Friday, October 23, 2009

Getting audited

Yesterday, we got audited — but in a good, non-IRS kind of way.

If you're a National Grid (or NStar) customer, you can get a free energy audit through MassSave thanks to what I imagine is some government- or state-funded program. The guy was wicked nice, and he inspected the entire house — including basement, walls, attic, etc. — for insulation (or lack thereof) and places where we might be losing heat, and then, for free, installed CFL light bulbs throughout both apartments — must have been like 15 of them — and a new water-saving shower head. He even offered to install door sweeps. And again — it was all free!

Afterward, you get a cool print-out of all your expected savings and information about the sundry rebates and no-interest loans available for energy-saving improvements.

I do wonder — this has to be some kind of racket, right? It's never made sense to me that National Grid would want to encourage you how to use less electricity unless the government is making it worth their while. But they must really pay out — because footing the bill for an independent auditor to spend an entire morning at your house, installing some $150 worth of stuff, for the sole purpose of getting you to purchase less of their product — forever! — wouldn't make for a very good business model otherwise, right?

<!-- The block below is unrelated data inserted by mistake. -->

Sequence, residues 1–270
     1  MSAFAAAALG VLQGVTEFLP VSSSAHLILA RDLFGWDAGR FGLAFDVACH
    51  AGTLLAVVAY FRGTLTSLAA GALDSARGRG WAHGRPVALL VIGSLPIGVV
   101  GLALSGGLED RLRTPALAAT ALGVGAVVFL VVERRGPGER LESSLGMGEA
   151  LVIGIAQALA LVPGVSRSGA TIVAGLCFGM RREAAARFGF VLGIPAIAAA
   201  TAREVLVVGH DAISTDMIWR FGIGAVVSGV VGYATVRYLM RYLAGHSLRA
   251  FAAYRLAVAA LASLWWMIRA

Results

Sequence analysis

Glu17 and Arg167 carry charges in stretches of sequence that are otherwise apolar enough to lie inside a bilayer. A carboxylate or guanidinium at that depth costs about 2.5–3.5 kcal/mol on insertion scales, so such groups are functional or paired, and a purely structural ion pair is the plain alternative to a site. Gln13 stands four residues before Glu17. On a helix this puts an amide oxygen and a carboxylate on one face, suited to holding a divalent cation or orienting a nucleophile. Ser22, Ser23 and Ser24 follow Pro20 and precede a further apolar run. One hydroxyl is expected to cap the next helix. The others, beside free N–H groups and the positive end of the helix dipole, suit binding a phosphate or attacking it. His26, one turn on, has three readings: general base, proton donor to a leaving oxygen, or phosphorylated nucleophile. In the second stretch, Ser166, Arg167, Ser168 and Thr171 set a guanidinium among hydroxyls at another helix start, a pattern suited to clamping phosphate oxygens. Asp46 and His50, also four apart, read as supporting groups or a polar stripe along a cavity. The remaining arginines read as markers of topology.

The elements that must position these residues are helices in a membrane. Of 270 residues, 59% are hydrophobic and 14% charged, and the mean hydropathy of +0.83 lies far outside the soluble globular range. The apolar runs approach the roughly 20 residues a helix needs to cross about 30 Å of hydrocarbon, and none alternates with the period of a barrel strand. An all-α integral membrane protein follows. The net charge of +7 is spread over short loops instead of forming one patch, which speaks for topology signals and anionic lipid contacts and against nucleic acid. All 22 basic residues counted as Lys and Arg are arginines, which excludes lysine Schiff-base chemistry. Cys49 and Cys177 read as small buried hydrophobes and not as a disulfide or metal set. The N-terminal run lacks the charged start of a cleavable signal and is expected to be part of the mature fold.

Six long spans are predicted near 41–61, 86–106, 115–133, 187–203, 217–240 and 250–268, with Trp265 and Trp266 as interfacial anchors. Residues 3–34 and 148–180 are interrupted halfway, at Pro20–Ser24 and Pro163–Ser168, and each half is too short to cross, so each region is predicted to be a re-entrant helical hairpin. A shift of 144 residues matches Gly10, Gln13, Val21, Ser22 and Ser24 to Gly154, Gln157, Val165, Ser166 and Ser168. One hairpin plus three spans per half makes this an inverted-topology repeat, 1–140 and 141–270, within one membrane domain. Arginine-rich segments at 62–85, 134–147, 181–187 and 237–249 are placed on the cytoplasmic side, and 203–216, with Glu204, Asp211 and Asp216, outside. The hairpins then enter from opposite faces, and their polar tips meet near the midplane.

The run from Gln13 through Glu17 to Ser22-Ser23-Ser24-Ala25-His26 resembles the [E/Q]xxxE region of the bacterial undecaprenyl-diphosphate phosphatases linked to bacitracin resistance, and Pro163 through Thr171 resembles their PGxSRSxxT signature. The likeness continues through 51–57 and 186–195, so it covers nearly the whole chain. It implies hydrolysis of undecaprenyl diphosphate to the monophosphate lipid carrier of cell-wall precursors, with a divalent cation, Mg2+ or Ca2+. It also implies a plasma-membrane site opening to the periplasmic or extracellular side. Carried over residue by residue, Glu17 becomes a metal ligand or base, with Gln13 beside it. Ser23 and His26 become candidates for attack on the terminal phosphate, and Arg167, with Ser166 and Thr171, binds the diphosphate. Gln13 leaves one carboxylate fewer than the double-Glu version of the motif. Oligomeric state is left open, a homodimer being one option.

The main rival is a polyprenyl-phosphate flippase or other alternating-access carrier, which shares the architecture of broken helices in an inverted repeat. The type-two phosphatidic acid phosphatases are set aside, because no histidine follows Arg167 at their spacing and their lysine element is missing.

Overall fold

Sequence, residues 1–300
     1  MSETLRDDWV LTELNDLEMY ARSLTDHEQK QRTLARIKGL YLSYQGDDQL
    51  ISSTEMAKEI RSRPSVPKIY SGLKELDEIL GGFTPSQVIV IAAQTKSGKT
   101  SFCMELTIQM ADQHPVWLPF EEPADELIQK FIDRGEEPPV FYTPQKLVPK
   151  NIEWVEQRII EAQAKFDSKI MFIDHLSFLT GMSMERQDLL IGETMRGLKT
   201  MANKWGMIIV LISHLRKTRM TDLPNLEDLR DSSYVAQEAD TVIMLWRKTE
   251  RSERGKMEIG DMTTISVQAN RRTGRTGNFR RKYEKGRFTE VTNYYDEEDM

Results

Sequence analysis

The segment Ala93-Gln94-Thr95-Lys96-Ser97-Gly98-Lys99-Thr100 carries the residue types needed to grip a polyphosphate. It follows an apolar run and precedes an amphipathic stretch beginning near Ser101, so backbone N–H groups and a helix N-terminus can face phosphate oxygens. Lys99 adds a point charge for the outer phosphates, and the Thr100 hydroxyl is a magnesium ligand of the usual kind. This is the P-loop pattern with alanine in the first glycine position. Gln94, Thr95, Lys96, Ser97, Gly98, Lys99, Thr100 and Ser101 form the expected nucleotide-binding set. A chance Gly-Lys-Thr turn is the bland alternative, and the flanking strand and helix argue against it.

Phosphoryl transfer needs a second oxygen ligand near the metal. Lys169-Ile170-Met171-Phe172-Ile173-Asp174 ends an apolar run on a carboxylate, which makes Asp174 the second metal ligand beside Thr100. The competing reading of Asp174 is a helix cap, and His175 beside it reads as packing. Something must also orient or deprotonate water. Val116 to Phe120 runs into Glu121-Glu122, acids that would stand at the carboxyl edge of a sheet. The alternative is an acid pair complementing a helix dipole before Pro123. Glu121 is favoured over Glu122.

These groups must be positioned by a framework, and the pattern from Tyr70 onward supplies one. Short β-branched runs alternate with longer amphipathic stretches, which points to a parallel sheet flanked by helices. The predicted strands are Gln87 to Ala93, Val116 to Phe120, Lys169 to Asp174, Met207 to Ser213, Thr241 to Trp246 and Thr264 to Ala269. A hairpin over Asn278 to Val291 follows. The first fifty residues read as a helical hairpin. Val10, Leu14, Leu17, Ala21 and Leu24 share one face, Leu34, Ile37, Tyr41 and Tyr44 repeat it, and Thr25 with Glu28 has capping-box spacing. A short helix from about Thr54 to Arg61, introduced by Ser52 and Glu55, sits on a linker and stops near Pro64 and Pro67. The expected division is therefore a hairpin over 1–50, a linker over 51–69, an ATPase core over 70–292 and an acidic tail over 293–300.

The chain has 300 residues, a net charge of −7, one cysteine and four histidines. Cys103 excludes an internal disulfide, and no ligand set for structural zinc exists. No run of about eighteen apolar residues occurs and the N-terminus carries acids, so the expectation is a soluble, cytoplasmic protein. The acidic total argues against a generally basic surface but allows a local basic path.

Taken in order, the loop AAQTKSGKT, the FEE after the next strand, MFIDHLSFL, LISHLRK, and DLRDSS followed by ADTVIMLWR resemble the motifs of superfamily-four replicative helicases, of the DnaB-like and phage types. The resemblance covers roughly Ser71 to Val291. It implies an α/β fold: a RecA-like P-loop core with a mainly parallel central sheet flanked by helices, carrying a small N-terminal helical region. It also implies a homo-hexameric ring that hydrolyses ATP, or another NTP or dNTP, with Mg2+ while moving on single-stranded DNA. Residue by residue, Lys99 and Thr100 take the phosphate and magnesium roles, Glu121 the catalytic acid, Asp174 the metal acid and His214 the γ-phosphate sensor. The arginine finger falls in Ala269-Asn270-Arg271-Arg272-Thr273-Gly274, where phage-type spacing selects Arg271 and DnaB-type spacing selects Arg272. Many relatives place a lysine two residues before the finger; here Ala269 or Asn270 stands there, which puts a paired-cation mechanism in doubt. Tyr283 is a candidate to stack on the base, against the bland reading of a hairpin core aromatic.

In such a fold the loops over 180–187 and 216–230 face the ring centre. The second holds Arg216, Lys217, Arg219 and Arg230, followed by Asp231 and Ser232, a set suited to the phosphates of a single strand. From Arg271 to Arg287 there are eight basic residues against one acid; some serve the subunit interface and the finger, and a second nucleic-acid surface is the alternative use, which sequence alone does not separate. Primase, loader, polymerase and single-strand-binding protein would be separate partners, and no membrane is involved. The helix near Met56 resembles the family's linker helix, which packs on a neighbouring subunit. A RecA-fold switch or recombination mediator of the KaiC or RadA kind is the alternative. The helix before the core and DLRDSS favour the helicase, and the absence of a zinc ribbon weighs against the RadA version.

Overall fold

Plus, a nonprofit like MassSave makes out, with plenty of audits to perform for customers who wouldn't otherwise pay for one. (Would they even be in business if it weren't for this program?) The guy was very nice, professional, and totally unaffiliated with the utility company — so he wasn't trying to push us into converting to natural gas or anything, just calculating what savings there might be if we did (turned out, not nearly as much as I expected). So again... either the government is forcing them to do this to stay in business, or National Grid is getting some crazy-ass tax break to offset the cost. Or is it possible they're just trying to foster an eco-friendly image?

Either way, if you qualify, I would totally recommend taking advantage of the service. I mean come on: free light bulbs!

One last plug for Mother Earth: if you're a National Grid electric customer, you can opt in to their Green Up program and choose to receive either 50% or 100% renewable electricity. (In Massachusetts, it comes from small hydro plants and wind.) We do 100%, and the resulting peace of mind costs like $4 more per month — less than a stupid venti latte at Starbucks!


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